Putting herself in the situation to make the subject matter more personal, Ching Ching Cheng’s work gives an intimate and personal account of her own experiences, while simultaneously encouraging the viewer to recall their own. Her work is symbolic and conceptual. Cheng presents subject matter outside the self, constantly trying to replace the figures in her paintings with images that represent the idea of the figure, an object or an animal that takes on the persona of what the figure represents. This intimate gesture allows for a personal connection to be forged by the viewer with the work. Ultimately, there is no definitive subject, but only a meditation on personal experience and emotion. The subject matter that influences and inspires Cheng’s work the most comes from psychology and nature. The ways people deal with situations are very different from one another, and she finds this very special and interesting. Most of Cheng’s work is mixed media using ink, watercolor, gouache, and acrylic. She works digitally and traditionally as well as three dimensionally, and likes to experiment with different techniques and mediums. The color of her work is very subtle and quiet.
November 22 – January 10
Gallery Talk and Reception: December 3 | 12 p.m.
While Paho Mann was working on the Phoenix Recycling Project (Fall 2007-Fall 2008), environmental awareness hit a new high in social and political dialogs. For Mann this awareness took two major forms: first, that the current rate of consumption of resources is unsuitable, posing a global environmental threat, and second, that this same consumption pattern has weakened the world economy. Central to his understanding of this project is how looking at what we own and consume reveals something about our identity and culture. It is this examination that underlines the importance of making thoughtful choices in what we do with these objects.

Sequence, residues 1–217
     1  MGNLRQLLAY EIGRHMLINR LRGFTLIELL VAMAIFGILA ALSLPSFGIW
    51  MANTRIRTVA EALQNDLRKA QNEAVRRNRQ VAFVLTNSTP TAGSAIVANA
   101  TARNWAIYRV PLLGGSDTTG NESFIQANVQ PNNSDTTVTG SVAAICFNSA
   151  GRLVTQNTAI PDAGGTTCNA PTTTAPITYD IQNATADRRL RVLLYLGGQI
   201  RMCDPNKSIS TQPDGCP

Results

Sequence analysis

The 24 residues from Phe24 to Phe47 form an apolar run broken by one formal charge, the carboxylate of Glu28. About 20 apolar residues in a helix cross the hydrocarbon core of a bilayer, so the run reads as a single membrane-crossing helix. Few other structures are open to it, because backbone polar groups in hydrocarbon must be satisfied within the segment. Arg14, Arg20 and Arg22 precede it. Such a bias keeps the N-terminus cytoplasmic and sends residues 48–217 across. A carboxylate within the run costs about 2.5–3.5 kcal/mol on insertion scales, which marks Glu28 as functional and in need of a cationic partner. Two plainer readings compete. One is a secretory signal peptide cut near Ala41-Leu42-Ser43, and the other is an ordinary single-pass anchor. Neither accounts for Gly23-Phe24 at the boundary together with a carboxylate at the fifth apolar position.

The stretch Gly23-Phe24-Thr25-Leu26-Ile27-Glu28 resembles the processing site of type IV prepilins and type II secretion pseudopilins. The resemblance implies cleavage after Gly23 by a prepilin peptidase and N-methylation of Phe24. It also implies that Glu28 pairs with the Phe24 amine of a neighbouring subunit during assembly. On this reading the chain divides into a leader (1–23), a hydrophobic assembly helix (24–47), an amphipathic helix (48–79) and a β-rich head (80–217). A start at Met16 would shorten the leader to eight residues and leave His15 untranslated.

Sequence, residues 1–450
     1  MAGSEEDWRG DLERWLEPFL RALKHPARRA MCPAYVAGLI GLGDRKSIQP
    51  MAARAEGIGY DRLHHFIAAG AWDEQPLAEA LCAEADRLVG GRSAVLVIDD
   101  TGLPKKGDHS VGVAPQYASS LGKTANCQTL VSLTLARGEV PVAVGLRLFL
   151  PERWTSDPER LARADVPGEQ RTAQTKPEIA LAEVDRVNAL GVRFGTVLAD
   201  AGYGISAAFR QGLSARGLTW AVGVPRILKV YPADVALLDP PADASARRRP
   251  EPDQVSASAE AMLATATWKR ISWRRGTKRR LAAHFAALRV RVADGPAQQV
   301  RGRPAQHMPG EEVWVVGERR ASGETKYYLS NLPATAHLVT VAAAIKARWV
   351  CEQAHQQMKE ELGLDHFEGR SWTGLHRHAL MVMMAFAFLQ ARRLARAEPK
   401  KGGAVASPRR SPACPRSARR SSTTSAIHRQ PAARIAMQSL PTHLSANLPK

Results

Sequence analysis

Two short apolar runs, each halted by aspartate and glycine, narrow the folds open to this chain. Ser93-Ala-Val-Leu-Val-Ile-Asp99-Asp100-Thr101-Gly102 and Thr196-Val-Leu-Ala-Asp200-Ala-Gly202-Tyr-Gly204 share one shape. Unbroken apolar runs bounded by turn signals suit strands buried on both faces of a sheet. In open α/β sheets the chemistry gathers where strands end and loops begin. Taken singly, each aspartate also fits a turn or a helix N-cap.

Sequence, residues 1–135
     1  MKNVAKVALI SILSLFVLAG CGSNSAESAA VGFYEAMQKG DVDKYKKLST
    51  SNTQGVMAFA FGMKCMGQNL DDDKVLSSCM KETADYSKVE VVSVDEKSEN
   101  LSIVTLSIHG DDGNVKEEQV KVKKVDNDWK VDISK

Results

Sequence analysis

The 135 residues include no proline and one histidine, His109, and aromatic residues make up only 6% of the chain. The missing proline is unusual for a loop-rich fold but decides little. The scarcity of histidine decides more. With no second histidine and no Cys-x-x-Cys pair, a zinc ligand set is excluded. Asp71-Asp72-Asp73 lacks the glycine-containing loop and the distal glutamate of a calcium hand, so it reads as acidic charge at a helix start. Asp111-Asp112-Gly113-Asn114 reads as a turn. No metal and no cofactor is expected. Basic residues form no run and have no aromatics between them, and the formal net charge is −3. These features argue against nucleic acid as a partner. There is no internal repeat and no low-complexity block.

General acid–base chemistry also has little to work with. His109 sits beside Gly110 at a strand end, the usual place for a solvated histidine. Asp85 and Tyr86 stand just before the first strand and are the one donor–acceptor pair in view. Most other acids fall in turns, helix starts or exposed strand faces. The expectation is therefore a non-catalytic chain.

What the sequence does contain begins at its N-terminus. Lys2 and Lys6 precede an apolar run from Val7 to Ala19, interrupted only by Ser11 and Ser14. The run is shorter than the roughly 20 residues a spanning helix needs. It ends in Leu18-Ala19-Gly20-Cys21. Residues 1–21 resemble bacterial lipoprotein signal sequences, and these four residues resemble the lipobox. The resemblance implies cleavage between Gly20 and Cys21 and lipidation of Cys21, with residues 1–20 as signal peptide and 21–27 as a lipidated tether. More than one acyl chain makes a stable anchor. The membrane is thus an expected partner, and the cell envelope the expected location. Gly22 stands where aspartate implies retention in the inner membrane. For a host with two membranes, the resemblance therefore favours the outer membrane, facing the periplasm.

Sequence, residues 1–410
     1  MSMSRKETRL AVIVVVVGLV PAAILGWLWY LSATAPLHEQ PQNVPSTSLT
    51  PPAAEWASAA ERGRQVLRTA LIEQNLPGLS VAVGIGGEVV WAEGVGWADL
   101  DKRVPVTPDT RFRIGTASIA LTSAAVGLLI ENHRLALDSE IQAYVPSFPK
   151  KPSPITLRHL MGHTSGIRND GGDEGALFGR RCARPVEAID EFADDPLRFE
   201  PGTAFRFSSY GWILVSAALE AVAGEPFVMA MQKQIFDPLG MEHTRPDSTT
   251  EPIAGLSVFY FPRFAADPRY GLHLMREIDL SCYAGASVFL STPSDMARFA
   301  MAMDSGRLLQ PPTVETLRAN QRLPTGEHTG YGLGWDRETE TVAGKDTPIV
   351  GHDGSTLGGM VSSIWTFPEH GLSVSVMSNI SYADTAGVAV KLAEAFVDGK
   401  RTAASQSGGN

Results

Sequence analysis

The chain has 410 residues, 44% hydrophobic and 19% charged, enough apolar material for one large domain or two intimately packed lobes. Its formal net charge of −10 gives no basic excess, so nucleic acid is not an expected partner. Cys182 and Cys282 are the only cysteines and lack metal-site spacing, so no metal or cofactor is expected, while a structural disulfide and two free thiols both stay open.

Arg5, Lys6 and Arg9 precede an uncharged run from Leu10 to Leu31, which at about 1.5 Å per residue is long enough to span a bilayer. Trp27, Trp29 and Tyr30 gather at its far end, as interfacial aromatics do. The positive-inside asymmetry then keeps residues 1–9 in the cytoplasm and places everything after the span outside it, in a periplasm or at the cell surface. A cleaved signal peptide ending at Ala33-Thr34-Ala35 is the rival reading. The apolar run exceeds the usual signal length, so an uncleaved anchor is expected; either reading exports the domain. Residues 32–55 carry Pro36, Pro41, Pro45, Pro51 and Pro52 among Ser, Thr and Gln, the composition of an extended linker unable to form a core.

To create the images in this exhibit, Mann made nearly 6000 photographs of individual recyclables at a solid waste transfer and material recovery station in Phoenix, Arizona. By sampling a relatively small amount of waste (5824 objects from an excess of 100,000 tons of recycling processed in Phoenix each year) and further narrowing the selection with keywords, consumer choices become more specific. The resulting images attempt to show particular objects, not the abstract understanding of the hundreds of millions of tons of waste created in the United States each year.
The photographs were then entered into a database and given keywords from categories including material, color, and use. The database was then used to create an interactive website (www.phoenixrecyclingproject.org) as well as prints. The prints are displayed as grids with accompanying image overlays created by stacking and averaging the color and tone of all the individual photographs from each group. The website allows users to sort through all of the photographs made at the transfer station using the same database that Mann used to make the prints.
January 17 – March 14
Gallery Talk and Reception: February 4 | 12 p.m.